The doldrums are described in the best available dictionary as "a part of the ocean near the equator, abounding in calms, squalls and light, baffling winds." A rheumatic twinge in the dial-twisting hand would indicate that TV boxing is now in its seasonal doldrums—and this after a summer of generally superior fights, rich in upsets and in blossomings of fresh, new talent that may yet challenge the champions in several divisions—Sonny Liston and Gene Armstrong, for instance.
But until the Friday after Labor Day, which opens a new era, since it is when Carmen Basilio meets Art Aragon at Wrigley Field, Los Angeles, the TV boxing fan will have to put up with a mess of calms, squalls and light, baffling winds. There are no tempests in sight, nor even a freshening breeze, until September. After that October looks promising, since we may then see Archie Moore fighting Yvon Durelle in Montreal.
But in the meantime we have such affairs of little moment as the Wednesday nighter (August 27) at Miami Beach which will pit Bobby Boyd, middleweight, against Jimmy Beecham, pretty much a welterweight. Boyd has generally done well when carefully matched, but Spider Webb, Joey Giardello and Rory Calhoun all have knocked him out at one time or another and Calhoun has even outboxed him. It would appear that Boyd's present unranked status in the division is approximately correct. Nor does he appear now to be as ambitious as he once was, since boxing unranked welterweights is not likely to win him swift promotion.
As for Beecham, a good, workmanlike fellow of no particular promise beyond the fact that he generally puts on a good show, it is a tribute to him and none at all to Boyd that early odds rate Boyd only an 8-5 favorite. It might even be a fairly close fight, though the odds seem to be just about right from this position. The point is that it won't have too much meaning either way.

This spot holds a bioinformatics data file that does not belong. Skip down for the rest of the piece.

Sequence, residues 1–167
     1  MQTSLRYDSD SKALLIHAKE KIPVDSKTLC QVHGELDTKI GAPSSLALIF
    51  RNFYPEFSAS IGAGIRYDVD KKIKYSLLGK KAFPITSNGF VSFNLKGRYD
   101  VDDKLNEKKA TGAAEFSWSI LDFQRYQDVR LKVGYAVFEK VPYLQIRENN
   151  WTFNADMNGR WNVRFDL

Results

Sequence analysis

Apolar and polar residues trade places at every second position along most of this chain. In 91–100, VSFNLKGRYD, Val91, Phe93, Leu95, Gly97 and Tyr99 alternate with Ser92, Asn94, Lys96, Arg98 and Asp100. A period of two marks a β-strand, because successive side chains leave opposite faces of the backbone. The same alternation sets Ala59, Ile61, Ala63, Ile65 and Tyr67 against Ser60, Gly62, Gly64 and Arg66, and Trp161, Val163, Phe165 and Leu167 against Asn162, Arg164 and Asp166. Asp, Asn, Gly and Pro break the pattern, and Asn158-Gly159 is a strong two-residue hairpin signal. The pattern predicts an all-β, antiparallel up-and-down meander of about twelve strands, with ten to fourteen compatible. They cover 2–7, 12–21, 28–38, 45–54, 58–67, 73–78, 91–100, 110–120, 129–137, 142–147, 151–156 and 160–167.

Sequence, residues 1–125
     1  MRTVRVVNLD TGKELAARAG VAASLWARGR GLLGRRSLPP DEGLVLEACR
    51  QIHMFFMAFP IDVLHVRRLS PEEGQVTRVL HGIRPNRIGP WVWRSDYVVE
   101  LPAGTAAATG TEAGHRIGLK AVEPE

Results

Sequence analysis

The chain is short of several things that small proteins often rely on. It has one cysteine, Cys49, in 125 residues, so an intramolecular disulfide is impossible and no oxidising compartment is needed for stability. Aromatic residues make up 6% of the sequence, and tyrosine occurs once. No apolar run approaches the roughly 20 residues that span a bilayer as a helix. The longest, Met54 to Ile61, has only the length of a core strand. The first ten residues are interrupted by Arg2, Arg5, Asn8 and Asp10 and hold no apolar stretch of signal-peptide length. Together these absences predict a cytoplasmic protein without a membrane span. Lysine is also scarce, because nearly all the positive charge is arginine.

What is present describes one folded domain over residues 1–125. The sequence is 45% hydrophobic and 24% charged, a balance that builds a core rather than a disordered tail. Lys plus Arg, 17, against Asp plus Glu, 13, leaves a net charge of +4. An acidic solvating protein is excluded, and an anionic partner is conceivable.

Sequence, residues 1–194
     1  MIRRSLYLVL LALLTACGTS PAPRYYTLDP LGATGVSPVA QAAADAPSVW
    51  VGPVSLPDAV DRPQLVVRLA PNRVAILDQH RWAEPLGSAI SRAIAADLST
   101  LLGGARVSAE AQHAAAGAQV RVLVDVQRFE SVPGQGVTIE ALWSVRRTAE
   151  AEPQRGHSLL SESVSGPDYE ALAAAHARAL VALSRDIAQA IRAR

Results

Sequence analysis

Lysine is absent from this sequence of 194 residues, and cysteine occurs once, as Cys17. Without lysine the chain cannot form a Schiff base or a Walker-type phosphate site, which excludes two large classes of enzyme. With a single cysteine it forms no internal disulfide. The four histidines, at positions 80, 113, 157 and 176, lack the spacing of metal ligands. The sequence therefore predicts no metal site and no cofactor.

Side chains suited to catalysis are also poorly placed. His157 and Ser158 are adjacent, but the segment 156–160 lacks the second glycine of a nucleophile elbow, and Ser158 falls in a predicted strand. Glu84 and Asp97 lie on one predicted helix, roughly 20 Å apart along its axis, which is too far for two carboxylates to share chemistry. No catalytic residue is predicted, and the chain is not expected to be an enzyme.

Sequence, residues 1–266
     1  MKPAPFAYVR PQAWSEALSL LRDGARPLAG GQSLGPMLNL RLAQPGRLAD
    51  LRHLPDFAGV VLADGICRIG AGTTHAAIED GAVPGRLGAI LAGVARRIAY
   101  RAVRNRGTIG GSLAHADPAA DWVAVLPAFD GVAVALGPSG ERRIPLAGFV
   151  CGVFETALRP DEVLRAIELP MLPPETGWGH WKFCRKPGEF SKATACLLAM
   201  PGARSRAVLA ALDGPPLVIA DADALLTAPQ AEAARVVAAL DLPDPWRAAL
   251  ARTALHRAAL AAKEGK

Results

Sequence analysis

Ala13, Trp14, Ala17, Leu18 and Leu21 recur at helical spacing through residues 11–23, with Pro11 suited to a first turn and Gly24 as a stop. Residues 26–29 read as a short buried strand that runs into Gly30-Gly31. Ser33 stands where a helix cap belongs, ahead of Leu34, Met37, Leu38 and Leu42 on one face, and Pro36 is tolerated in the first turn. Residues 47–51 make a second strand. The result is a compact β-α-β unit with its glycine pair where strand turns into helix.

Beecham's official welterweight position is dubious, actually, since all five of his 1958 fights have been against middleweights. This year he has fought Willie Vaughn no less than three times—winning, losing and drawing, which is known as the hat trick. He has lost to Spider Webb, which is no disgrace at all. On top of that he has beaten none other than Battling Siki of Aruba (an island off the coast of Venezuela) on Siki's home grounds.
As for the Friday night (August 29) fight at Madison Square Garden that same spiritless week, it will present a welterweight-lightweight against a lightweight, thus preserving the mystique of the doldrums. The light-welter will be Don Jordan, who recently defeated Isaac Logart amid cries of horror at the decision. (The year has been as rich in horror decisions as in horror movies.) The lightweight opponent will be Lahouari Godih (pronounced Larry Goady on Stillman's Stoop), who drew cries of horror for sheer ineptness when he opposed Johnny Busso, a kind of a heavy lightweight, a while back.
What the above adds up to, if you are good at sums, is that Jordan is the No. 4 lightweight in the National Boxing Association rankings and a welterweight in Nat Fleischer's authoritative Ring Record Book, while Logart is NBA's No. 4 welterweight and Godih is the French lightweight champion.
Of course, it's August.
JORDAN WAS A "HORRIFIC" WINNER OVER LOGART (HERE LANDING SOLID RIGHT)
HOW FLOYD PATTERSON KEPT HIS CROWN
Next week, along with the best ringside pictures, Martin Kane—who so often has given you the revealing, exciting story which has been missed in the first hurried accounts of a bout—writes a dramatic report of the Patterson-Harris world heavyweight title fight, and of the ambitions and strategies behind it.